"Other system integrators understood how to control things and move things," says Conquergood. "But they couldn't download CAD information and bills-of-materials from a database and adjust manufacturing steps accordingly." The Advanced Measurements team used a combination of a host PC, standard add-in controller cards, and a LabVIEW-RT card and software. Three control processes run simultaneously on the LabVIEW-RT card, independent of the host computer. First, a control loop monitors the quadrature encoder's output and determines where to cut the panel undergoing production. Two other processes control the mechanisms that punch the half-inch holes, and the servo motor and the hydraulic system on the shear. Those three processes run independently in 2-msec, deterministic loops. "The customer gets the reliability of a hardwired PLC system and the flexibility inherent in a system configured with software," says Conquergood.
Functional Testing Key
After Advanced Measurements' engineers assembled the system, they performed func-tional tests in the company's lab to ensure it met Behlen's specifications. A function generator simulated the quadrature encoder's output, and by counting pulses, the software knew when to fire the punches and the shear.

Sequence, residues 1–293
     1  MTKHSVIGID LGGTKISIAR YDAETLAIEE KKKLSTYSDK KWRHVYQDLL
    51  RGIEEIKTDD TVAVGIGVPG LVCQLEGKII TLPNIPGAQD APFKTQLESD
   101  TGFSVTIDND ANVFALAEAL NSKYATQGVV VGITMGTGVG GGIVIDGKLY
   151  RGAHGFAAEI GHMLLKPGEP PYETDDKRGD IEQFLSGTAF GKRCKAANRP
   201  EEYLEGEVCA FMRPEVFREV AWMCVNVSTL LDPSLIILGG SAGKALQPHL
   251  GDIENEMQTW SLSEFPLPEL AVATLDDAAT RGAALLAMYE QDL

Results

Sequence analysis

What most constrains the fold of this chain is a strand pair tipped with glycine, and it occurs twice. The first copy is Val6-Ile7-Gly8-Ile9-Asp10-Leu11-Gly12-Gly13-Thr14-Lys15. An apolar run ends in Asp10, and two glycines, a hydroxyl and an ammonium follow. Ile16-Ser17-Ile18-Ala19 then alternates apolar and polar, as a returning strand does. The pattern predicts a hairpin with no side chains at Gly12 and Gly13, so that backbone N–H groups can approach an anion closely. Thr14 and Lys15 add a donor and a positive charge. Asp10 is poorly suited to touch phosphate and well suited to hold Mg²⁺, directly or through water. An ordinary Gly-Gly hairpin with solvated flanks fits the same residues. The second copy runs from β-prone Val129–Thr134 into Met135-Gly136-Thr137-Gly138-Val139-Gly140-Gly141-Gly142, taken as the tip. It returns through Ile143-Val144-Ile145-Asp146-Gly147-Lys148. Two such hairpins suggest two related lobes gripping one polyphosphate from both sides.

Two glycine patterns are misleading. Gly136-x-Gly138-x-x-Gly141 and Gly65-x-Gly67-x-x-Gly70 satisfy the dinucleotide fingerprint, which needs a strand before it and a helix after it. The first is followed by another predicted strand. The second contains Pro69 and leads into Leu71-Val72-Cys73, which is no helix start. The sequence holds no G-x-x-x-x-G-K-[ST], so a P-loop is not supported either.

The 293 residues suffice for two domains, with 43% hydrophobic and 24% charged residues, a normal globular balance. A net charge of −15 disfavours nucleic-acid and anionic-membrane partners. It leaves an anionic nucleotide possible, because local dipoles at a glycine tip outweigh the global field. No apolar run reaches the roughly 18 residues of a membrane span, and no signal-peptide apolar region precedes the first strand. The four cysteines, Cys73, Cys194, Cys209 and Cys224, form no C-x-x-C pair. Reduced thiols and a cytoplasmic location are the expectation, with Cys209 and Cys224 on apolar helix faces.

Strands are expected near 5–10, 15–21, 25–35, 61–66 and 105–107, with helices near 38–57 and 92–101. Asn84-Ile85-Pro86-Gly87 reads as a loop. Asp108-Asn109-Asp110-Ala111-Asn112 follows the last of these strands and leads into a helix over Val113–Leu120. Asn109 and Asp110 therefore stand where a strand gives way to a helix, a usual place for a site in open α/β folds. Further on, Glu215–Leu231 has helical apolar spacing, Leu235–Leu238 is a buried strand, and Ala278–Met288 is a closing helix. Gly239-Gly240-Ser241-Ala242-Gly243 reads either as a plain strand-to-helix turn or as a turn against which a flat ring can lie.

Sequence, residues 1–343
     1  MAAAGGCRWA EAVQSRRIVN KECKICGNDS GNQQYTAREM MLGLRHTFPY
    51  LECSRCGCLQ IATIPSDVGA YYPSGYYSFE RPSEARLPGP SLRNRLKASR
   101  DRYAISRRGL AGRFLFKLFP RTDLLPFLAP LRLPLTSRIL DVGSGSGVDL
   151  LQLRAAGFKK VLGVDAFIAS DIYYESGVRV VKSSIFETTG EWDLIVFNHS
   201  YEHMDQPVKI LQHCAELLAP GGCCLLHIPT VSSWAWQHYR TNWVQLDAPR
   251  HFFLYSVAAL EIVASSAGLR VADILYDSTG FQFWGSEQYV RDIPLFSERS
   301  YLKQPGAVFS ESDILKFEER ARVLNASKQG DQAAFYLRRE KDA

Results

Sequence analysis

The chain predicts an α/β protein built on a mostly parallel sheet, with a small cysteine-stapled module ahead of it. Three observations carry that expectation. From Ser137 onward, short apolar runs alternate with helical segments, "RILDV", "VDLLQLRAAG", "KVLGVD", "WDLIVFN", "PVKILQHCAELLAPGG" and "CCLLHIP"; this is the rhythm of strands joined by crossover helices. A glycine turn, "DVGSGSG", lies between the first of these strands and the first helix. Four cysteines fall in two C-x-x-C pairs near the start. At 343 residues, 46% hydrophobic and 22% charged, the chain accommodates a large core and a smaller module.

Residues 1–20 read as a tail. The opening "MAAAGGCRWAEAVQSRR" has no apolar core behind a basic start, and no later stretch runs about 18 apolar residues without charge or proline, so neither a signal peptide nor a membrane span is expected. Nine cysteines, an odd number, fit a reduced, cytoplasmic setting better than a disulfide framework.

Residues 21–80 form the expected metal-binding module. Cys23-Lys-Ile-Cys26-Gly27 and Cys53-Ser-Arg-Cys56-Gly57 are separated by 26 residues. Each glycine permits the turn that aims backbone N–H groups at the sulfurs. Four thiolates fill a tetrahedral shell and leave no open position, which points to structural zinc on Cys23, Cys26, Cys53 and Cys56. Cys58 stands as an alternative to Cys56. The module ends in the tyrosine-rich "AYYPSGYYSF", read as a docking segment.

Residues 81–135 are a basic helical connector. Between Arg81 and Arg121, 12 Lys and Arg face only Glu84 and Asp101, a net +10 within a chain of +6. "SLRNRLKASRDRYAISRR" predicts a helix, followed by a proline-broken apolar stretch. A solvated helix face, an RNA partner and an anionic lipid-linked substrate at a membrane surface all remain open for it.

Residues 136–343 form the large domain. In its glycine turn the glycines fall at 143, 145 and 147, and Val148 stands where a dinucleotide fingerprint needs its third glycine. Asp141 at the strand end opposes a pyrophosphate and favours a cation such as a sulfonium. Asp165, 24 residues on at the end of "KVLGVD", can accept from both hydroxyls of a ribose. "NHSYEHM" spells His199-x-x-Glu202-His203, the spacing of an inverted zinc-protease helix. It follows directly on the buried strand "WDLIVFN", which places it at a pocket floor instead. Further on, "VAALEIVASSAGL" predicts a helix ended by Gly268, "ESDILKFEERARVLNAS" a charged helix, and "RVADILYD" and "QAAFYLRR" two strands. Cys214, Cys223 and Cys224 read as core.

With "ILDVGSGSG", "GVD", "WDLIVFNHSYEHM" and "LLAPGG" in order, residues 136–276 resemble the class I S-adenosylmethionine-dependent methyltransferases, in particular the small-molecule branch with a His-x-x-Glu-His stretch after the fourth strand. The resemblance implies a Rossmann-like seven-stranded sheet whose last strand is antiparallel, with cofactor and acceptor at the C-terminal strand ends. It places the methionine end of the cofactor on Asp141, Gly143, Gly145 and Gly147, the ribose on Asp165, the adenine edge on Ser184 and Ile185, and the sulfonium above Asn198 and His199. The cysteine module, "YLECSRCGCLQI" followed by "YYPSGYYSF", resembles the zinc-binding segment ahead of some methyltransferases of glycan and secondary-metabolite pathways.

After finishing in-house testing, two mechanical engineers installed the controller at Behlen during a scheduled week-long maintenance shutdown. The in-plant commissioning tests punched and sheared sheet metal to demonstrate the system operated properly and as expected. "It was the advanced software, though, that let us make minor modifications to the system after it arrived at Behlen's plant," says Conquergood.
The third lesson came as an offshoot from the overwhelming use of software rather than hardwired controls to operate the production equipment. The new controller includes a network connection so it can obtain design information. That same network connection, along with some additional software at the controller, makes it easy to transmit production information back to managers. Now, managers can get real-time insight into the quality of the panels produced, inventory use, and equipment scheduling. A company can integrate as many of these data-analysis tasks as it wants into its management systems, says Conquergood. As needs arise for other information, software will let system integrators adapt their programs to meet them.
Contributing writer Jon Titus can be reached firstname.lastname@example.org.